The East and West forks of Indian Creek wind their way through the remote woodlands of Menifee County, Ky., before joining at a pretty spot to form the main stem of Indian Creek, which continues south to its confluence with the Red River.
This area will be of interest to trout fishermen because the East Fork of Indian Creek is managed as one of Kentucky’s 13 delayed harvest trout streams.
The creek is relatively small (photo at right is the pool below the low water bridge) and the banks brushy. But the East Fork cuts an impressive path through the woods and is marked with several deep, trout holding holes. There’s also plenty of woody cover. And while trout are a cold water species and don’t school like some fish they tend to gravitate toward deeper holes during the winter. Trout typically won’t aggressively chase a fly when the weather – and water – are cold but will battle aggressively when hooked.
I fished the East Fork one sunny afternoon in December when the air temperature barely hit 50 following a night when the temperature had dropped to the mid 20s.
I started where the East and West forks join to form the main stem and worked my way upstream, leapfrogging from pool to pool to the low-water concrete bridge, a distance of about three miles.
I as using an 8-foot 4-weight fly rod with a 7-½ foot tapered leader/5x tippet and a No. 16 weighted gold flecked no name (hand tied) nymph. It was more than enough tackle as most fishing was done at close range using a roll cast or simply dropping the fly into seam water and where it could be floated through a pool. A 5-foot ultralight spinning rig would have been an equally effective tool.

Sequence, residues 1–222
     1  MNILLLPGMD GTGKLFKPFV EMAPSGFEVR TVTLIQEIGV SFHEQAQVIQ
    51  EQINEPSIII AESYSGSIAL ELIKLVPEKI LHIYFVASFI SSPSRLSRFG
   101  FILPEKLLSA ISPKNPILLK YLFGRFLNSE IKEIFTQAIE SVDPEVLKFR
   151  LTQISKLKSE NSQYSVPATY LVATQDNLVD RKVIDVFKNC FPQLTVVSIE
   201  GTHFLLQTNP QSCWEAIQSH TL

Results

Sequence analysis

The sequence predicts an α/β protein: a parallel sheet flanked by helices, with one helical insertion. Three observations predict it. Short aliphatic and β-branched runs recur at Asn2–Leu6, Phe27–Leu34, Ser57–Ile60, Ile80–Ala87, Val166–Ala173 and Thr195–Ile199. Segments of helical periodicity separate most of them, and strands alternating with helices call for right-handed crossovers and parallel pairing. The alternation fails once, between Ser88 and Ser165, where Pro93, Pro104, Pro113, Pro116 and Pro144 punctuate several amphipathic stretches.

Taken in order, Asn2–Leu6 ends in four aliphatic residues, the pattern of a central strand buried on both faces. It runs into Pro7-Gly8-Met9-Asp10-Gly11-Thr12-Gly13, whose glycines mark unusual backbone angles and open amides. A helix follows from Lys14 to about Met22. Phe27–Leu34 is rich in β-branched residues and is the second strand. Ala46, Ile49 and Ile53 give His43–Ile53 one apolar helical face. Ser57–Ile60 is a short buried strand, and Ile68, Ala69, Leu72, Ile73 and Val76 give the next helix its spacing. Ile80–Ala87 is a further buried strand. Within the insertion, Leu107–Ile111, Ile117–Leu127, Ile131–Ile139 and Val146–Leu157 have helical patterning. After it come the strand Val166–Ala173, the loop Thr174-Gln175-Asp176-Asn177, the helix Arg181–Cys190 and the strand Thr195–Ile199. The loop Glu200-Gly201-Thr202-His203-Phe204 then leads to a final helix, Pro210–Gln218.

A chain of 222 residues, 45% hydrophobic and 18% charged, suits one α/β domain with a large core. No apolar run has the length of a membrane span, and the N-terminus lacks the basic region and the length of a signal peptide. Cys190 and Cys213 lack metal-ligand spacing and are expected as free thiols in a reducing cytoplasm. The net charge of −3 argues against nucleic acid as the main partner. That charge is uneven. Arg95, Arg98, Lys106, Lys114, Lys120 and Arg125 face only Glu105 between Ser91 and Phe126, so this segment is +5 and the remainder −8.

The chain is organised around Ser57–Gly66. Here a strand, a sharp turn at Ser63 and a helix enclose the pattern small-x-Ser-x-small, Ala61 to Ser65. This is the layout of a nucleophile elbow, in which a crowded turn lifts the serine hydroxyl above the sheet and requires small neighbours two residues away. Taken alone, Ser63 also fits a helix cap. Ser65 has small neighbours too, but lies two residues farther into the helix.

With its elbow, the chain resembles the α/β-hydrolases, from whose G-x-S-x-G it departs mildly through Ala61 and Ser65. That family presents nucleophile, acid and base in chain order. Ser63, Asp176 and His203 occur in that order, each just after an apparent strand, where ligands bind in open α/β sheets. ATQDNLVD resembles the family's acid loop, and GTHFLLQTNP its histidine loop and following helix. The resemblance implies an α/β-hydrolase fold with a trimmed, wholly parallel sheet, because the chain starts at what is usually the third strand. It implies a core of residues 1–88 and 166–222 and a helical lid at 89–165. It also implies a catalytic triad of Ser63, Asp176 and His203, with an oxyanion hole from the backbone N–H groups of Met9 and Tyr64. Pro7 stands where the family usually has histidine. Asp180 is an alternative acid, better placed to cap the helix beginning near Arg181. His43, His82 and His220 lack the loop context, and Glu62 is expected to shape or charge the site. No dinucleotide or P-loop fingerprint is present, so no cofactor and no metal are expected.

At five stops I hook six fish and landed four – all rainbow trout, each in the 10 to 12 inch range. The fish in the photo was typical. The creek had been stocked in late fall so these hatchery trout had somewhat acclimated to their surroundings. They were brightly colored and although they struck lightly each fought with spirit. Two came from the pool below the low-water bridge.
Access to East Fork of Indian Creek is via forest service road 9B, which roughly follows the stream.
During the Kentucky’s delayed harvest trout season anglers are restricted to artificial lures and flies. All trout must be returned to the stream.
The delayed harvest season continues through March 31 except at Swift Camp Creek, where the artificial only; catch-and-release season runs through May. 31.
GETTING THERE: East Fork of Indian Creek is located within the Daniel Boone National Forest and is flanked by forest service road 9B. Take the Bert Combs Mountain Parkway to exit 33 (this is also the exit for Natural Bridge State Park). From exit 33, take highway 11/15 north to route 77. Turn right (East) onto road 77. This is a narrow, winding road that passes through the Nada Tunnel. Proceed on road 77 to where it intersects road 23 at the Steel Bridge. Turn left (north) onto 23, which follows the Red River. Proceed on 23 to forest service road 9. Turn right (north) onto 9. Travel about 2 miles to where the road splits to 9A and 9B. Bear right onto 9B.This follows the East Fork of Indian Creek. The delayed harvest trout section of the East Fork extends for about 5 miles upstream from the 9A/9B split. FSR 9B is a well-maintained, two-wheel-drive accessible graveled road. A primitive campground is located off 9B. This is a fairly remote area with spotty cell service.
I lodged at Natural Bridge State Park, which is located about two miles from Combs Parkway exit 33 and is about 30 minutes from East Fork of Indian Creek. The Natural Bridge SP campground is closed until April but the lodge and restaurant are open. The delayed harvest section of the Middle Fork of the Red River also flows through the state park.
Go to http://parks.ky.gov/parks/resortparks/natural-bridge/default.aspx for details or contact the park office at 1-800-325-1710. For more information about Kentucky’s delayed harvest trout program go to www.fw.ky.gov.